So, the next day I'm a bit jetlagged, and he takes the wife and kids to the airport while I'm sleeping. When he gets home we run into Melbourne and pick up the Ryder truck. "It's a diesel, right?" My friend asks. "Oh yeah." the flunkie replies (remember this). So we back up to his house and all those co-workers that were supposed to help, don't. So the two of us load all the big stuff, the little stuff, and all the crap in between until a couple of co-workers finally show up and help us for a couple of hours. We get the house completely loaded and it's only about 7:30 pm. Now all we have to do is load the things from the little shed out-back (riding lawnmower, motorcycle, etc) and we'll be off to the Dixie Crossroads for my promised seafood feast *drool*. We're getting a little tired at this point, so in order to get closer to the shed, we decide to move the truck to the back of the house. I get in and drive it while he directs me. As I'm backing up, the right side of the truck runs over the septic tank and the top collapses leaving the truck pitched backwards into said sewer. 3 hours later, we finally get the truck jacked up and out of the raw sewage (they've got pictures if you're interested), then the next hour loading the truck, so needless to say, no Dixie Crossroads.
The next morning we just get up and hit the road. He's driving the Ryder with his pickup in tow, and I'm in his car. We drive into Georgia then he needs to fill up, so we pull into a truck stop. We'd figured that since the Ryder/pickup combo was long and ungainly, we'd hit truck stops and use the semi pumps and then we wouldn't have to do a lot of turning. So we get up to the pump and right on the gas cap it says "unleaded fuel only". WTF!!! He said it was a diesel, RIGHT? He lied. So now we've got to find some quickie mart and play truck contortionist to fill the tank up. The next 6 hours were uneventful, and we made it to the other side of Atlanta where we stopped for the night.
Out here in the west, things are very big, but quite small. Whereas in the South, things are very small, but quite big. Confusing? Ok. Out here it's not uncommon for someone to say, "Oh yeah, it only takes about 6 hours to get there." "That's all? Jeez, I thought it would take longer." Now coming from such a viewpoint, as we cross the South, I'd see signs like "Andersonville 20 miles", Battle of "X" 5 miles. Killed us both. Here we are passing within a couple of miles of all these legendary sites, and we can't stop. But I digress, back to our story.
The next day we got up and drove all day to the west side of St. Louis. We checked into a hotel there and asked the clerk where a place to eat was. "There's that truck stop over there." "Is it any good?" "No, not really." This we should have listened to, because it was dreadful.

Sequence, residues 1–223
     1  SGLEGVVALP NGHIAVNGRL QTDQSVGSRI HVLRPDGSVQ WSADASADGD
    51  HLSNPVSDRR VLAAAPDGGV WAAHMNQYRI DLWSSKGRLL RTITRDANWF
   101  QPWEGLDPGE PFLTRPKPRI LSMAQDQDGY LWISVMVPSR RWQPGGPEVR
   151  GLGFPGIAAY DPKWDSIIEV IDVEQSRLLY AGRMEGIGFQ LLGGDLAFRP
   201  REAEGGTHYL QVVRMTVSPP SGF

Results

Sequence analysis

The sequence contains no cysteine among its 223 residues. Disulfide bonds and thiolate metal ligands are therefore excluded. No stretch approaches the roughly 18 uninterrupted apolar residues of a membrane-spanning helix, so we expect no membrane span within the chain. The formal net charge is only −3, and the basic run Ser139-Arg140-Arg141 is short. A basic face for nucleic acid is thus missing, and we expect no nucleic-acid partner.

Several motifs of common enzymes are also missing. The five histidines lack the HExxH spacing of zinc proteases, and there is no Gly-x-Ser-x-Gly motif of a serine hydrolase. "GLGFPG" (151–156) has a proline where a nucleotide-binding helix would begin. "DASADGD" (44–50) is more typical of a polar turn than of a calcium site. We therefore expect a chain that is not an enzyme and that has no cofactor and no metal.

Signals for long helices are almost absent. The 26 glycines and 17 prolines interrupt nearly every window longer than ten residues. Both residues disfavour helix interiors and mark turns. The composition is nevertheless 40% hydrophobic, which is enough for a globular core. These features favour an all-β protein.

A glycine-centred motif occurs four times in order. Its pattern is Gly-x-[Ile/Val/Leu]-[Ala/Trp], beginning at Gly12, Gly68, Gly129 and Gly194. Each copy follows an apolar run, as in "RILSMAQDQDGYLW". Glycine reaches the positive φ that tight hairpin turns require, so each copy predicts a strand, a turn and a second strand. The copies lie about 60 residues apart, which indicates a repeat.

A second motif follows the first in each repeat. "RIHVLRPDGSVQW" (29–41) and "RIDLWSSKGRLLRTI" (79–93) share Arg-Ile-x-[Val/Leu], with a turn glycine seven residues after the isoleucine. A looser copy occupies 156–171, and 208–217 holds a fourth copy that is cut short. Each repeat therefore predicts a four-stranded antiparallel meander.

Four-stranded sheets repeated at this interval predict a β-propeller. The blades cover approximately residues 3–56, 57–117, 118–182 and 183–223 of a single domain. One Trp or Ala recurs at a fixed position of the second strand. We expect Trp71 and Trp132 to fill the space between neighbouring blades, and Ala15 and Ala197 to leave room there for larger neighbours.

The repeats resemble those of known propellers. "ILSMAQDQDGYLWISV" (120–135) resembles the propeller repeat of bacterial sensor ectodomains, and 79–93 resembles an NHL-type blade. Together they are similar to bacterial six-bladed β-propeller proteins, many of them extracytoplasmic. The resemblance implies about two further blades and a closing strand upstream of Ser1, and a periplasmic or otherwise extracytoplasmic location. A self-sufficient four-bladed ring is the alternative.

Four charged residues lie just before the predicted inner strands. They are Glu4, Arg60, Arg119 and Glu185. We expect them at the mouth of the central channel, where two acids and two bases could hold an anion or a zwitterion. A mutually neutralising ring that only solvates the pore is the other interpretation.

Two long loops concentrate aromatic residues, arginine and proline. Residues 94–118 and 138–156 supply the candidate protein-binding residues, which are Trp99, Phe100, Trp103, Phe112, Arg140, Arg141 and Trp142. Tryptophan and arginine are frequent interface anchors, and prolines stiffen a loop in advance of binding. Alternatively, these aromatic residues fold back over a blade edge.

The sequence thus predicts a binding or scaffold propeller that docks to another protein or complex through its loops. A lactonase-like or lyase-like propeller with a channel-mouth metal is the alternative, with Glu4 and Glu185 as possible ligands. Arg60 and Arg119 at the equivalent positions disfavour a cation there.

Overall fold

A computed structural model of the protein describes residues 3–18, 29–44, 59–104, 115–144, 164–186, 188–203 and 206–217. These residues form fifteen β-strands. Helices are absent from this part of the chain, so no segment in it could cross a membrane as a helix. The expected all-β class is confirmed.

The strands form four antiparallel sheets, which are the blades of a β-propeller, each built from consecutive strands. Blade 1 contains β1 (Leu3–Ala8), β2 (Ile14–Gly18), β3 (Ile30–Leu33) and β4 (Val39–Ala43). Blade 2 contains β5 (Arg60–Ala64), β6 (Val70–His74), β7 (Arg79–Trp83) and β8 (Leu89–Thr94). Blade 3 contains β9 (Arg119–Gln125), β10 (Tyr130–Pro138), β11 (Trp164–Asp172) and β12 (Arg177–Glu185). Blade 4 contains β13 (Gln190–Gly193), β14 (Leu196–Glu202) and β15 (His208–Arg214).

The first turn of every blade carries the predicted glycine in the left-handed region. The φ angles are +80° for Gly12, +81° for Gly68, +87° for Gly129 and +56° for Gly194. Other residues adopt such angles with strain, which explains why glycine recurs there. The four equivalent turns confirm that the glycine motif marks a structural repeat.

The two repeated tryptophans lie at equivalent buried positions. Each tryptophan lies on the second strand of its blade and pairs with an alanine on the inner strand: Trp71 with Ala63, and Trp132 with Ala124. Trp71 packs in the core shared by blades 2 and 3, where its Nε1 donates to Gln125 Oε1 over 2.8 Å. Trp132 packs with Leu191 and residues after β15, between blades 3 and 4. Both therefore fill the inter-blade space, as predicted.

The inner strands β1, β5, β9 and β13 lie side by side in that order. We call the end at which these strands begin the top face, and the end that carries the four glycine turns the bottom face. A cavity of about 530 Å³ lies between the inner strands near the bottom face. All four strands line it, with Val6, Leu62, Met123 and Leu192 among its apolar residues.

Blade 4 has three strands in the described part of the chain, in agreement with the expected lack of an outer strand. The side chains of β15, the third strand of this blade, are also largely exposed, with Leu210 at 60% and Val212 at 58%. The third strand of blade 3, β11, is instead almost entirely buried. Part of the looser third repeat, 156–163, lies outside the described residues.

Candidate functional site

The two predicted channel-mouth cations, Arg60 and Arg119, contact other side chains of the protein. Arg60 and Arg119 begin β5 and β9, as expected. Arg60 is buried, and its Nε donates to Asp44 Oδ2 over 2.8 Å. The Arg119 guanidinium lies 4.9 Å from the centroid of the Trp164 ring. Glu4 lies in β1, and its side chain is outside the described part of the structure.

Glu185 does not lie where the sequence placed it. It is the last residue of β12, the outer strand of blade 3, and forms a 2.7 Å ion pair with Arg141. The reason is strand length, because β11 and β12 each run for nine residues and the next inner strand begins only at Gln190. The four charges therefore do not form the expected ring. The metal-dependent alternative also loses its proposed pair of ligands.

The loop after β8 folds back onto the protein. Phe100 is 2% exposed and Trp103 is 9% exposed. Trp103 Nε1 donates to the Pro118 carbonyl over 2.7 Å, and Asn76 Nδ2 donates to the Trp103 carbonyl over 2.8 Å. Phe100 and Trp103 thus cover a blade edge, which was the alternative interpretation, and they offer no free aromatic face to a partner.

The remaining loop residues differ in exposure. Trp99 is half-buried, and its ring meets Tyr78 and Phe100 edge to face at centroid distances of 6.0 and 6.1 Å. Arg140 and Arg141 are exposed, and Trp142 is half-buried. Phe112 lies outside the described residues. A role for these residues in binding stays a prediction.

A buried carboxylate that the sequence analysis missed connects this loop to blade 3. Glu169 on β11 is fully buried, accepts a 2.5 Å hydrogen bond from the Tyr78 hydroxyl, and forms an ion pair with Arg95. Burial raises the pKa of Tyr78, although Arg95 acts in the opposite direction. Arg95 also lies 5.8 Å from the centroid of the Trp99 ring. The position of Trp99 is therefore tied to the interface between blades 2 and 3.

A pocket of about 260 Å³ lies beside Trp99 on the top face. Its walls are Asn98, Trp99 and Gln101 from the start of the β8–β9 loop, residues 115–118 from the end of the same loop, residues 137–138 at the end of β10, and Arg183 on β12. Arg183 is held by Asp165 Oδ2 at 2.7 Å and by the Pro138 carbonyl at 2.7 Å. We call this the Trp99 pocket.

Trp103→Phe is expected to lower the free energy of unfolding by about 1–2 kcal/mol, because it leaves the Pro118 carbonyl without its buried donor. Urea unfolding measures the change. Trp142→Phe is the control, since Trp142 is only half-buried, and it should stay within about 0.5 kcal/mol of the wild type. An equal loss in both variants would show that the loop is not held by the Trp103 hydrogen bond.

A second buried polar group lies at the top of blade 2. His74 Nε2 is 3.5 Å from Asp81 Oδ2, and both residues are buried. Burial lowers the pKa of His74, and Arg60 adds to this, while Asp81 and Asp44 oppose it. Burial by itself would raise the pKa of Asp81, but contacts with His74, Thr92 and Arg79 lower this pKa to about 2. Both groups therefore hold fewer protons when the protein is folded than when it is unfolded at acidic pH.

Now we got up the next day and I took my turn in the Ryder.
So, I'm in the Ryder truck from here on out, and my buddy takes the car. I forgot to mention, that I had a brainstorm and brought a couple of walkie-talkies for the trip so we could talk to one another while in both vehicles (if you've ever got to make a long road trip in two vehicles, I highly recommend this). We'd had a helluva time getting through St Louie the evening before. It was black'r than a, well it was pretty dark, and they were doing road construction on the interstate. That wouldn't have been so bad, but when they went from 4 lanes to 2, the frelling morons just put up the concrete barriers and painted new lines WITHOUT PAINTING OVER THE OLD LINES. We were driving, trying to follow all the twists and turns, but there were no visual clues, so it wasn't pretty.
After the trouble driving through metropolis, we decided to avoid K.C. and we detoured up through Chilicothe. All this time we had been watching the weather channel, and a severe winter storm was forcast to hit us in two days. We mentally did our calculations, and figured we'd make it to Montana just before the storm did, but we kept our eyes open. We picked up the interstate again and headed north to Council Bluffs, but as we reached Council Bluffs, we hit a 50 mph headwind. The Ryder just kept getting slower, and slower, until I was down to around 45 mph on the interstate, and cars were having to swerve to avoid hitting us. We called an audible, and pulled off in Missouri Valley to spend the night, hoping the wind would die down the next day.